The best Paas cloud is one that you can quickly and easily contribute to. Just ask @andypiper about his post: http://blog.cloudfoundry.com/2013/05/16/want-to-contribute-to-cloud-foundry-come-on-in/
QOTD: "If there's something you can do about it, then why be upset? If there's nothing you can do about it, then why be upset?"
Last Friday Facebook blocked Path’s “Find Friends” feature over brewing spam complaints. Shortly thereafter Dave Morin, Path’s CEO, proudly stated that “Path does not spam users,” but the tactics he is defending today are the very same practices that he himself cracked down on as “spam” when he was running the Facebook Platform. I watched the crack-down from the front-row at iLike, an early Facebook platform partner.
Compare Morin’s description of Path’s “feature” to the Facebook policy that was put in place while Morin was the head of developer relations for Facebook Platform. The official Facebook policy was that apps were forbidden from doing exactly what Morin now calls “not spam”:
Build features fast. Ship them. That's what we try to do at GitHub. Our process is the anti-process: what's the minimum overhead we can put up with to keep our code quality high, all while building features as quickly as possible? It's not just features, either: faster development means happier developers.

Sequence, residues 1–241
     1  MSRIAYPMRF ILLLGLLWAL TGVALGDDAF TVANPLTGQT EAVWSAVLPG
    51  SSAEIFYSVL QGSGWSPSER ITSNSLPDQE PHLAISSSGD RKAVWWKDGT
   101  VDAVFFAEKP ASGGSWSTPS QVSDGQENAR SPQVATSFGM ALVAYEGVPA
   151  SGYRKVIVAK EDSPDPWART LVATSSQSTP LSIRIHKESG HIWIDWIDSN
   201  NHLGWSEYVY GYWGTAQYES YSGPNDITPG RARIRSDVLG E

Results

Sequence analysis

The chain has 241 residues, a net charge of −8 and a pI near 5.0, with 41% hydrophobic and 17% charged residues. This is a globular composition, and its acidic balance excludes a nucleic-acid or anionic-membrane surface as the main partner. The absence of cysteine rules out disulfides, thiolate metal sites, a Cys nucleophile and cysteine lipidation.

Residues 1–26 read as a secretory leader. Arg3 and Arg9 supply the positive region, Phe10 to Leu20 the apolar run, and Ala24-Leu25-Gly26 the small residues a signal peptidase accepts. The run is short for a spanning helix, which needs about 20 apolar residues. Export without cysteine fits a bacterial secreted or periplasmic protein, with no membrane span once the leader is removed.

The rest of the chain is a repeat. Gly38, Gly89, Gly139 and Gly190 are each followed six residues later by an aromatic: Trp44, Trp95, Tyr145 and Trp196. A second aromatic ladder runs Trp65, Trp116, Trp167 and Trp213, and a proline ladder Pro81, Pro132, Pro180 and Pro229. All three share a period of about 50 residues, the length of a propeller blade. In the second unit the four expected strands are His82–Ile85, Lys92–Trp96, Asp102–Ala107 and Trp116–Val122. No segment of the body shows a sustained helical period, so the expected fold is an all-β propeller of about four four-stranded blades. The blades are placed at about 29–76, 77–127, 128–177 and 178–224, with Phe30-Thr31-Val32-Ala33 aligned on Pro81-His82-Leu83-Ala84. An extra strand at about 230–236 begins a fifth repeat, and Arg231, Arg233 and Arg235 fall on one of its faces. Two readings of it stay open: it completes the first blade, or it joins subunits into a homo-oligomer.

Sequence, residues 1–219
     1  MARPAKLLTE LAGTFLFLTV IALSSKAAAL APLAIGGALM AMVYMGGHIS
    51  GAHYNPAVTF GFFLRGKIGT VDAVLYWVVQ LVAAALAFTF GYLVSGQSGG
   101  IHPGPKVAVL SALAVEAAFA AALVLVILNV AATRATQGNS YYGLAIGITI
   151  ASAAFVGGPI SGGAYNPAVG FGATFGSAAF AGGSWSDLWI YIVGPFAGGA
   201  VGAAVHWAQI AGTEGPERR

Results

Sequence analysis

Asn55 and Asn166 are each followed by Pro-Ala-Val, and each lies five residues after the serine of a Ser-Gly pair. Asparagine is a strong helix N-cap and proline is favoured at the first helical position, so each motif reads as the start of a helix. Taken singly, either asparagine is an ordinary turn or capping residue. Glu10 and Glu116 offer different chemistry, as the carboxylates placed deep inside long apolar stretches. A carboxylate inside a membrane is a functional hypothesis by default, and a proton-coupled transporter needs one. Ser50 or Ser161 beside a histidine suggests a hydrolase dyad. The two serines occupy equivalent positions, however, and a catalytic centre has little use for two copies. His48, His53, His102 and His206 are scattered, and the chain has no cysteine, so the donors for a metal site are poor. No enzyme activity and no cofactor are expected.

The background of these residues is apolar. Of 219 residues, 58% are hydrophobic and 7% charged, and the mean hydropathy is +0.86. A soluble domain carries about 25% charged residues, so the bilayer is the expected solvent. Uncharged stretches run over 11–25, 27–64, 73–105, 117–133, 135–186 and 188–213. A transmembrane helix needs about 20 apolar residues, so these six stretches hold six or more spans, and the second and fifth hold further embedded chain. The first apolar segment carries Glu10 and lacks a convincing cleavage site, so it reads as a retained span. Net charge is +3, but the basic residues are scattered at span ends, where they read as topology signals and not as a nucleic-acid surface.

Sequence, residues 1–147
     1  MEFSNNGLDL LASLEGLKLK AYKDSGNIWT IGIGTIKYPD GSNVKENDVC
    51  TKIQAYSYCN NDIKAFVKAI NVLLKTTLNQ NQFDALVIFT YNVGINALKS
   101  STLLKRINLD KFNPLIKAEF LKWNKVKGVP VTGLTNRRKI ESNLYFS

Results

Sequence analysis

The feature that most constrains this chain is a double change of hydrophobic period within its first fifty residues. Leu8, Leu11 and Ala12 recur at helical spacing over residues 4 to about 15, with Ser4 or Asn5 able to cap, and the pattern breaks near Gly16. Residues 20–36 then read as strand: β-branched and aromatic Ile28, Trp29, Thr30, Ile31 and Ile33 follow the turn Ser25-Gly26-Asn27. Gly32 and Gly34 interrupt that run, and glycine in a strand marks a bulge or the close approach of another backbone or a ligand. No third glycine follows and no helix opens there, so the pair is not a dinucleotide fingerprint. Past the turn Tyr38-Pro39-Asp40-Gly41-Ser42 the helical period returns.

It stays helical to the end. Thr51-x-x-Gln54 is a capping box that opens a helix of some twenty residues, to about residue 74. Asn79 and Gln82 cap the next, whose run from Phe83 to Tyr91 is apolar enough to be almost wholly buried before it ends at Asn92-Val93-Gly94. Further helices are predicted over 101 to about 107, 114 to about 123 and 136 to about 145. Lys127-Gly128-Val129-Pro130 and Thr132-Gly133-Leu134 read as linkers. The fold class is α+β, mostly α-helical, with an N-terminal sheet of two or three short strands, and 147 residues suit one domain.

Grab a paper bag, breathe into it and calm your ass down. You're hyperventilating because you ain't never seen a deal like this before. Now collect yourself, then keep reading this incredible description that barely serves to do justice to my 2010 Felt Gridlock 3 speed fixed gear bike. Yes 3 SPEED FIXED GEAR. Also known as the greatest bike the city has ever had the privilege of existing around.
What makes this bike so much better than every other bike that has ever been pedaled? Glad you asked. It starts with the paint scheme. It looks like Iron Man if Iron Man were a bike. That's bold, son. Curb appeal. It's probably also why some piece of trash stole the front tire that originally came with this beauty. Why didn't he steal the whole bike? Because he knew he wasn't man enough. That's ok, I replaced it with something that looks even more boss. The next thing is the genuine leather seat. My taint has had a love/hate relationship with this particular bit of the machine. But it's got those swanky brass rivets so I can't stay mad that it smashed my prostate and has likely rendered fatherhood impossible. But let's face it, I'd rather have have a bike than a kid.
What else? Let's talk about that three speed in-the-hub, fixed-gear transmission for a second. It's as gnarly as it is exotic. Like the tropical, saw-toothed platypus. Which is a species that does't even exist. Fortunately this crazy ass hub does. It offers 3 speeds, as the name implies. It also offers a terrific chance to introduce that dome of yours to the asphalt if you sleep for one single second on this beotch. So don't trip. Ride safe. Get a helmet and if you've never ridden a fixed gear bike, maybe it's time to move along, young sir because this back tire doesn't flip flop and it doesn't offer any respite. What this bike does offer is a one-way ticket to legits-ville. Find a bowling ball. Then find another one. Your nuts must be at least that big to even consider making this whip the dreamiest object to ever take up too much space in your tiny ass apartment. But you'll be filled with joy once you throw a leg over this flawless piece of American-made* cycling excellence.